Centralized Complaint Process Central to Biden Meat Competition Moves


A centralized complaint process is central to President Biden’s latest moves against anti-competitive practices in the meatpacking industry and is winning early support from a key GOP Senator.

The Biden USDA, Justice Department plan to step up enforcement of federal competition laws, including the Packers and Stockyards Act, is music to the ears of Iowa Republican Chuck Grassley. “It would very much, make the Packers and Stockyards Act, now a hundred years old, hasn’t been effectively used through Republican and Democrat Administrations, beefing it up, particularly in conjunction with the Department of Justice, is a big, a big step forward.”

USDA will refer possible violations to Justice under the process being jointly developed within 30-days. Also key, whistleblower protections. Grassley says; “Let’s just say, hypothetically, you get the same price for the same Big Four on the same day, and each of them say, you won’t be able to deliver your cattle for 30 more days, that sort of information is important, that there’s some sort of conspiracy among the Big Fours.”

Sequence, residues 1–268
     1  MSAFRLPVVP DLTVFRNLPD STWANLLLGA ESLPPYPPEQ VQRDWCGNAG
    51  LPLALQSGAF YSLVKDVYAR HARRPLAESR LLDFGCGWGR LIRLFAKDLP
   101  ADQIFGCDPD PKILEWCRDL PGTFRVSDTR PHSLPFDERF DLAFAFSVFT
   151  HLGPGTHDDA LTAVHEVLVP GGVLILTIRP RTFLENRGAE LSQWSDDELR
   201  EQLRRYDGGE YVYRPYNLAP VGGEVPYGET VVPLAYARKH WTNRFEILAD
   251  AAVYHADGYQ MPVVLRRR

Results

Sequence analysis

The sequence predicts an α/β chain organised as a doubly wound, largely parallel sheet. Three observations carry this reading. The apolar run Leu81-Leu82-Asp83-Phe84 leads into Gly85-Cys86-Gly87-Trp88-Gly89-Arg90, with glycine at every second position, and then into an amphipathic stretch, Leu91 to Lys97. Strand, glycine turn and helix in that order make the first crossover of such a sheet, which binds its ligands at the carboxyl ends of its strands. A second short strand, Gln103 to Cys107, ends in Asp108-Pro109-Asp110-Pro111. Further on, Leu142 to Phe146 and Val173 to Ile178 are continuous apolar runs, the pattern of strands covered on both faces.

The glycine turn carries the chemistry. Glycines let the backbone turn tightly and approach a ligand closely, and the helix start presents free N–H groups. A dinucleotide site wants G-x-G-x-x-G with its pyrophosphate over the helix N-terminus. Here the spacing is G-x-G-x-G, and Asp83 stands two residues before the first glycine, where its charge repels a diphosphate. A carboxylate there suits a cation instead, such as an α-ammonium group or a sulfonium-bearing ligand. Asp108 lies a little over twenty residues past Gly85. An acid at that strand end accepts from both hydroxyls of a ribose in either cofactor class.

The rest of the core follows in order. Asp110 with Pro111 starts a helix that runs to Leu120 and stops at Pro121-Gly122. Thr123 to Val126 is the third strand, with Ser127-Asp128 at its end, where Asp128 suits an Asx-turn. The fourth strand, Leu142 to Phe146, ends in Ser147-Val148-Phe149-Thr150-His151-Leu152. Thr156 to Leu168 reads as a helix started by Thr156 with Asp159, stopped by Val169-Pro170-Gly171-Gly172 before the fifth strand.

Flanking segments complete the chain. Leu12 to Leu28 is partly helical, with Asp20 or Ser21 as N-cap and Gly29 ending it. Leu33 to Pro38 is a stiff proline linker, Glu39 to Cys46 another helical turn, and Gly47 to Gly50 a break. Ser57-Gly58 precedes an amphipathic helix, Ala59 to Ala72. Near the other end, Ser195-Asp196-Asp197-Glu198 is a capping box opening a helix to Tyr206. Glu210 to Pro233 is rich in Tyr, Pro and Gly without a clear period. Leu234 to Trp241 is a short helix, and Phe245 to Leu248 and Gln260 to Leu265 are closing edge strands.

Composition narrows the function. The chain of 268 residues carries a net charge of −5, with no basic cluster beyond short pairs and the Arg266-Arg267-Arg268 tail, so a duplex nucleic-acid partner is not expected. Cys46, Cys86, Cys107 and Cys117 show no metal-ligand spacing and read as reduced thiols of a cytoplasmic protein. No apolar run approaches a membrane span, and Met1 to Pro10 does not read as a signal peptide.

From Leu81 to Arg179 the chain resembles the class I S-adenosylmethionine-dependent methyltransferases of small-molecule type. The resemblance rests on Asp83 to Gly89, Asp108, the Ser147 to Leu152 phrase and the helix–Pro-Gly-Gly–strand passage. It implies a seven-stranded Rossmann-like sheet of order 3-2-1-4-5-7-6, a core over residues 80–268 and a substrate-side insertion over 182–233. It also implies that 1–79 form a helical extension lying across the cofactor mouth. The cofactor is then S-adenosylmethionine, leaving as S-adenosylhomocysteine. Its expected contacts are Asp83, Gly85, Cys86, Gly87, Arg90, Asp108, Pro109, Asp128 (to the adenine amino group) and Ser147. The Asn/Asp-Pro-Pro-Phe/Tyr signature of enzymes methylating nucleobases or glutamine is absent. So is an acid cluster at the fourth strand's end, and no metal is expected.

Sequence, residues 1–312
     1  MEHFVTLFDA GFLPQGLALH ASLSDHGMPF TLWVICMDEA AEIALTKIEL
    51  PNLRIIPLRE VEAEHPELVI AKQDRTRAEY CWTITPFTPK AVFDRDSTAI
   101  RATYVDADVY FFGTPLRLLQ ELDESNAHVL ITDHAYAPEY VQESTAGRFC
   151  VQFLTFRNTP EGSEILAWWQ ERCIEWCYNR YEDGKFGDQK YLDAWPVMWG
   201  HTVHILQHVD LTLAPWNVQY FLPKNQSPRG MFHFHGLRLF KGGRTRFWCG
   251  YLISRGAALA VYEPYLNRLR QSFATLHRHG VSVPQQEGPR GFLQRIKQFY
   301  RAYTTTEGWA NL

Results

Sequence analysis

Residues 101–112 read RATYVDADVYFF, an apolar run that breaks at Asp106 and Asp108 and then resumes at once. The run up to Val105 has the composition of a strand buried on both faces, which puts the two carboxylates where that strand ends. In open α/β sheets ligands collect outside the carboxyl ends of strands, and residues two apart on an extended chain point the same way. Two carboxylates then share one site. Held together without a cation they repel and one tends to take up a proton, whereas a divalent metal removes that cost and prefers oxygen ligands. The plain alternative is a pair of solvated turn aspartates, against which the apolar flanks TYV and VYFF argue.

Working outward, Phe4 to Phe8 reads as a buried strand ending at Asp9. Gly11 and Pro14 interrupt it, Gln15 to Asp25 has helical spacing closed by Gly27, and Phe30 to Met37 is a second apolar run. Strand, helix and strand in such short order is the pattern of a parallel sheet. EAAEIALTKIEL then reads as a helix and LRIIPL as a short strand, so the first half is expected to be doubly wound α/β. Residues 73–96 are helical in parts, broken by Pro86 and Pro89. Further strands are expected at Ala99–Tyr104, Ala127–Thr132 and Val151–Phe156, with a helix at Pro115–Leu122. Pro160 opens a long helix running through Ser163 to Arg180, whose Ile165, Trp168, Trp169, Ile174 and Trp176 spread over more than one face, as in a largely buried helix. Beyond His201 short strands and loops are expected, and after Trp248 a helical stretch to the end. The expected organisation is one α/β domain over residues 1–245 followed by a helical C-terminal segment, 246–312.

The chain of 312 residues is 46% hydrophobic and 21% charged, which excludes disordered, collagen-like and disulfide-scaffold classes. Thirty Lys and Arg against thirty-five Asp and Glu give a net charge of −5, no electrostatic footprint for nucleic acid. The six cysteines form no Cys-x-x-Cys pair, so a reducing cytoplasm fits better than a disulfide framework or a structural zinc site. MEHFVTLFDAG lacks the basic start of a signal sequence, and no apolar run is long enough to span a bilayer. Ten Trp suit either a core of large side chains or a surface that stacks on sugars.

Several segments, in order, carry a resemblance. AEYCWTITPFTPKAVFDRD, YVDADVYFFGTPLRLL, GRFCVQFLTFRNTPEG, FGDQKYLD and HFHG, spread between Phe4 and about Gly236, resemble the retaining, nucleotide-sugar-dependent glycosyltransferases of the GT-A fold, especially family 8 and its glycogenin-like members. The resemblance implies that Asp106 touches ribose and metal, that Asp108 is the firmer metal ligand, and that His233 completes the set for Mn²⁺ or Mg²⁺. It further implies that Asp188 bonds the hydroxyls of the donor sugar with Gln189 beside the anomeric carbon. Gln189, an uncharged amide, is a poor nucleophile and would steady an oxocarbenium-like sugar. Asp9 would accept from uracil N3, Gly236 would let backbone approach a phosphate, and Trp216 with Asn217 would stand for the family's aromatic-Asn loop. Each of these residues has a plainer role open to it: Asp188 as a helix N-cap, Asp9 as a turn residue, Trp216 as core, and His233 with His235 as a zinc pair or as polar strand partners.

However, Grassley isn’t sure if whistleblower protection would extend to individual farmers versus contract employees.

But the Senator still feels his cattle market reform bill setting regional benchmarks for negotiated sales is the best answer to market concentration, despite public skepticism from Secretary Vilsack. Asked about personal conversations. Grassley says; “And he’s talked more about making sure that it was technically operable, accomplishing what we want to accomplish, can he as Secretary of Agriculture carry it out. We haven’t had any opposition from the administration on the substance of what we’re trying to accomplish.”

The Biden announcement follows earlier capacity-building grants and loans with one billion for small independent processors and help to boost inspections and worker training.